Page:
University of Illinois at Urbana-Champaign
Department of Landscape Architecture The FRESH WATER design symposium invites designers and researchers, across academia and practice, to convene, debate, and discuss the inland water territories of North America. Inland cities, communities, and territories contain hydrographic stories related to industrialization, urbanization, agriculture, and commerce, where significant manipulation of land and water systems has created a legacy that continues to degrade the performance of the major watersheds. Disturbances such as river channelization and diversions, earthwork and sediment transport, overdrafted aquifer and groundwater depletion, hydraulic fracking, industrial irrigation, urban and overbank flooding, combined sewer systems, cross-continental pipelines, and federal deregulation present entangled design questions concerning regional urbanization, shared water infrastructures, freshwater economies, agricultural practices, and climate adaptation. All are deeply consequential for ecosystem and human health, social equity, environmental democracy, and the future of fresh water for the continent. The purpose of the symposium is to investigate design research that can transform these adverse conditions to desired ones, and to define the future resilience of our major inland watersheds.
The symposium asks:
- How should design contextualize deep ecological, social, cultural and economic concerns within this large, complex scale, across real and perceived boundaries?
- What new water design partnerships will be most effective, and why is this the case?
- What new design research projects can be identified and initiated as experimental testing grounds? How should we actively engage the public in making them happen?
- What would it take to move beyond linear problem-solving, toward creative reframing and inventive design thinking for these water territories?
The primary territory in question comprises the major watersheds draining northward to the Arctic through the Hudson Bay and southward through the Gulf of Mexico to the Atlantic Ocean. This large figure of land in North America, embodying the Nelson, Mississippi, and Great Lakes-St. Lawrence riversheds, is the site of important hydrologic activity that has profound impacts on the quality of continental fresh water and surrounding oceans. However, in contrast to urbanized coastal territories, the inner continental hydrographic area lacks equal attention as a space for water design. Yet there are acute opportunities for designers to propose territorial interventions, and localized interventions with territorial implications, that address unique human-hydrologic relationships in this fresh water space. Further, the fact that water is a complex territorial issue suggests that we expand our spatial and temporal understanding of water and think of it not as a natural system but as a constructed and living performance. To do this, we need new ways of describing, identifying, and representing the major manipulations and control of these territorial water systems, and of systems-based design approaches to address both the unique and the shared issues throughout this territory. Design-thinking methods and processes that open up and invent new approaches to these issues are urgently needed.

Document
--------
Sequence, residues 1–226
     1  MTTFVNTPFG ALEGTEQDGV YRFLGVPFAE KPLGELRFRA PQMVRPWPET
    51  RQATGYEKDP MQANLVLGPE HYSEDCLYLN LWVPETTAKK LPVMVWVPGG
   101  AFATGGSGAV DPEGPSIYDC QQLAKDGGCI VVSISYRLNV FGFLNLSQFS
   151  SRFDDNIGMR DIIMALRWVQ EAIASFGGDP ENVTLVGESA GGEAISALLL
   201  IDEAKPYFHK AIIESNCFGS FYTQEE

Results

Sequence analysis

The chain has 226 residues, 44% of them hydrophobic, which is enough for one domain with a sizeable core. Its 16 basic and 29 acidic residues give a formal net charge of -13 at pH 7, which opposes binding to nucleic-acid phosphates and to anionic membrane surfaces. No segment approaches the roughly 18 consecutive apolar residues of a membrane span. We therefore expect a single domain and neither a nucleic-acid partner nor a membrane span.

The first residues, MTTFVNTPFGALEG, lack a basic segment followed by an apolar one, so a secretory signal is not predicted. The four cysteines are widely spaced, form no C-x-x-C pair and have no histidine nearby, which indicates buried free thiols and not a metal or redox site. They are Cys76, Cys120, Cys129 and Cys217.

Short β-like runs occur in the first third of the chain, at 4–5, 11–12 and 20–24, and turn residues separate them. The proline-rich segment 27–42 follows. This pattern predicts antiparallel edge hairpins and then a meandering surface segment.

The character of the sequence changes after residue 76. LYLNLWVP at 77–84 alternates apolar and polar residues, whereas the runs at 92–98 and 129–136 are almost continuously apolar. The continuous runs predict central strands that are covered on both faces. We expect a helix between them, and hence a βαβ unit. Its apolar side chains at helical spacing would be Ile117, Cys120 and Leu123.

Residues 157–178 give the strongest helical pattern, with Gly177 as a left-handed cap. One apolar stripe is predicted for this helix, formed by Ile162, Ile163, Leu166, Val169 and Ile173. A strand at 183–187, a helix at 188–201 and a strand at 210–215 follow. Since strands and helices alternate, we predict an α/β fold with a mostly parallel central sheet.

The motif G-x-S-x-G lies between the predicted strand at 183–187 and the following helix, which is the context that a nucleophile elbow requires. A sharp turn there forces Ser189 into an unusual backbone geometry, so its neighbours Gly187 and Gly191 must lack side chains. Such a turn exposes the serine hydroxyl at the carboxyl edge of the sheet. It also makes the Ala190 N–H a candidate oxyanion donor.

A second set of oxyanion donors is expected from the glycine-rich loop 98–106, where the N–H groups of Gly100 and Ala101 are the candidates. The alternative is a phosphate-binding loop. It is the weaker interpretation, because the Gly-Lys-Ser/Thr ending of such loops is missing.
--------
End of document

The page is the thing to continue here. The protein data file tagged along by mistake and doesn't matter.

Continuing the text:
This symposium is relevant to designers and design-collaborative scholars and practitioners from a wide array of disciplines including: landscape architecture, architecture, urban design and planning, environmental design, geography, landscape ecology, river hydrology, urban hydrology, infrastructure and environmental engineering, environmental law and water policy, soils and geological science, forestry, agricultural science, mining and resources management, environmental economics, cultural history, and social and environmental justice. We are interested in a range of projects that bridge disciplinary and jurisdictional boundaries, wherein the issues and actions are consequential at a territorial water scale, and that need a diverse body of knowledge and methods to address them.
Keynote speakers and panel moderators will be announced during Fall 2017.
|Call for Abstracts opens:||September 20, 2017|
|Abstracts due:||January 15, 2018|
|Notification of acceptance:||April 1, 2018|
|Early bird registration deadline:||July 15, 2018|
|Regular registration deadline:||August 31, 2018|
|Conference:||September 14 & 15, 2018|